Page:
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Expatriate vs. Immigrant — What's the Difference?

By Urooj Arif & Fiza Rafique — Updated on April 20, 2024
An expatriate temporarily lives in a foreign country, typically for work or lifestyle reasons, whereas an immigrant moves permanently, seeking long-term residency or citizenship.
Expatriate vs. Immigrant — What's the Difference?

Difference Between Expatriate and Immigrant


Key Differences

An expatriate, often shortened to expat, is someone who resides temporarily in a foreign country, usually for employment, education, or retirement purposes. Whereas, an immigrant is an individual who moves to a new country with the intention of settling there permanently, often in pursuit of better economic opportunities, family reunification, or safety.
Expatriates often maintain strong ties to their home country and may plan to return after their assignment or period abroad ends. On the other hand, immigrants typically undertake the process of integrating into the new society, often seeking permanent residency or citizenship.
The term expatriate does not necessarily imply any change in citizenship or permanent change in residence; it focuses more on the temporary nature of the stay. In contrast, immigration strongly implies an effort to change one's permanent residence and possibly national allegiance.
Work circumstances for expatriates often involve international companies, diplomatic positions, or global organizations, and they may receive special benefits or compensations for living abroad. Immigrants, however, might migrate for a variety of reasons and might not have the same support structures, which often requires them to start from scratch in their new country.
While expatriates often reside in expat communities and might not fully integrate into the local culture, immigrants are more likely to assimilate, learn the local language, and adapt to local customs as they make their new country their home.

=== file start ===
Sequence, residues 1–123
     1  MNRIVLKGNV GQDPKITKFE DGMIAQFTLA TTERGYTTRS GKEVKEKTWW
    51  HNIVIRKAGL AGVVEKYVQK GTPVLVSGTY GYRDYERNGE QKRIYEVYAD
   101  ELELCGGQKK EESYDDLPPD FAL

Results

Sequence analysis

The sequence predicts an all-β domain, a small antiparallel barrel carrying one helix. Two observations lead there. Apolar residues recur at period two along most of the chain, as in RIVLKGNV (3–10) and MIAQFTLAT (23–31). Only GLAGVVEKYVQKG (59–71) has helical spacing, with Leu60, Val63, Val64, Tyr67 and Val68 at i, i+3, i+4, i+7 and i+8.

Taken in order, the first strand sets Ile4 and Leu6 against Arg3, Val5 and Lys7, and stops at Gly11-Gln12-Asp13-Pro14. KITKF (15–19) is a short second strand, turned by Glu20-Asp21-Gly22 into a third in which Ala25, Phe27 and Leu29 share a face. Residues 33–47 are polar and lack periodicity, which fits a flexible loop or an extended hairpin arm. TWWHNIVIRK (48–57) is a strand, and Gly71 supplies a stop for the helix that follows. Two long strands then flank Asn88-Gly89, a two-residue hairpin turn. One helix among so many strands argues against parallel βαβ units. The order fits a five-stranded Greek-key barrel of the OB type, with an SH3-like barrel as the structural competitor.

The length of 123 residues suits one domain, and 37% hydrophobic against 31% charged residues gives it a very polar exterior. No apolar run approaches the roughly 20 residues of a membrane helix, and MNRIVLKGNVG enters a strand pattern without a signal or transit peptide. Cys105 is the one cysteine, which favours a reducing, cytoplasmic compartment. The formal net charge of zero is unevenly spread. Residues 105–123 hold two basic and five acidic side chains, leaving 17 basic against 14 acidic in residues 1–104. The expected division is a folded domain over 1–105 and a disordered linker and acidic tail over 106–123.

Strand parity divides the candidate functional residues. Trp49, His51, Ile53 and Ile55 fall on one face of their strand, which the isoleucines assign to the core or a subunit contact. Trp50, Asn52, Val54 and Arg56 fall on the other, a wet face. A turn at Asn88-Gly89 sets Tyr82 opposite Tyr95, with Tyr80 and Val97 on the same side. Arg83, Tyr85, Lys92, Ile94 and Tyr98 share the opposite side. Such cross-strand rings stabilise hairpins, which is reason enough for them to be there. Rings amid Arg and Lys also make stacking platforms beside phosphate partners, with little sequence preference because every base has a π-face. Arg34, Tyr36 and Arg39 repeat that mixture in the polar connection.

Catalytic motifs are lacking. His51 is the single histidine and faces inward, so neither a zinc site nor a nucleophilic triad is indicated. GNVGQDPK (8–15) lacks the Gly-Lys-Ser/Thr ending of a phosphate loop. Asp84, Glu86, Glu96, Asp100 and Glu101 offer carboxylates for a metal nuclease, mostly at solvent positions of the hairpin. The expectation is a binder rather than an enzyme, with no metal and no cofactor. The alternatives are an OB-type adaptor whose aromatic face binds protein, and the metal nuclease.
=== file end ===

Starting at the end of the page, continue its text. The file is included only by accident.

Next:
Comparison Chart

Duration of Stay

Temporary, often defined


Employment, education, lifestyle
Economic, safety, family

Citizenship Intent

Maintains original citizenship
May seek new citizenship

Cultural Integration

Minimal; often stays in expat communities
High; seeks to integrate fully

Typical Benefits

Often receives expat packages
May lack support, starts anew

Compare with Definitions


May live in areas populated by other expatriates.
They found a vibrant expatriate community in the heart of the city.


A person who moves to another country for permanent residence.
As an immigrant in Canada, he embraced his new home with enthusiasm.


A person living outside their native country, usually for professional reasons.
As an expatriate, she enjoyed learning about new cultures while working abroad.


Seeks to establish a new life in the host country.
The immigrant family opened a restaurant to bring a taste of their homeland to the neighborhood.


Often retains their citizenship and plans to return home.
Despite living in Spain for five years, he remained an expatriate with no plans to give up his U.S. citizenship.


May apply for citizenship in the new country.
After living in Germany for eight years, she applied for citizenship.


Can be an employee of multinational corporations.
The company sent him to Dubai as an expatriate to manage the new branch.


Often integrates into local society, adopting new customs.
Immigrants often attend language classes to better assimilate.


Typically resides in a country temporarily.
She lived as an expatriate in Japan, teaching English for two years.


Comes from diverse backgrounds and for various reasons.
The city's population included immigrants from over fifty countries, each contributing to its diversity.


An expatriate (often shortened to expat) is a person residing in a country other than their native country. In common usage, the term often refers to professionals, skilled workers, or artists taking positions outside their home country, either independently or sent abroad by their employers.


A person who comes to live permanently in a foreign country
An immigrant village
Immigrant workers
They found it difficult to expel illegal immigrants


To send into exile
They were expatriated because of their political beliefs.


A person who leaves one country to settle permanently in another.


To remove (oneself) from residence in one's native land.


An organism that establishes itself in an area where it previously did not exist.


To give up residence in one's homeland.


Of or relating to immigrants or the act of immigrating.


To renounce allegiance to one's homeland.


A non-native person who comes to a country from another country to permanently settle there.


One who has taken up residence in a foreign country.


A plant or animal that establishes itself in an area where it previously did not exist.


One who has renounced one's native land.


Of or relating to immigrants or the act of immigrating.


Residing in a foreign country; expatriated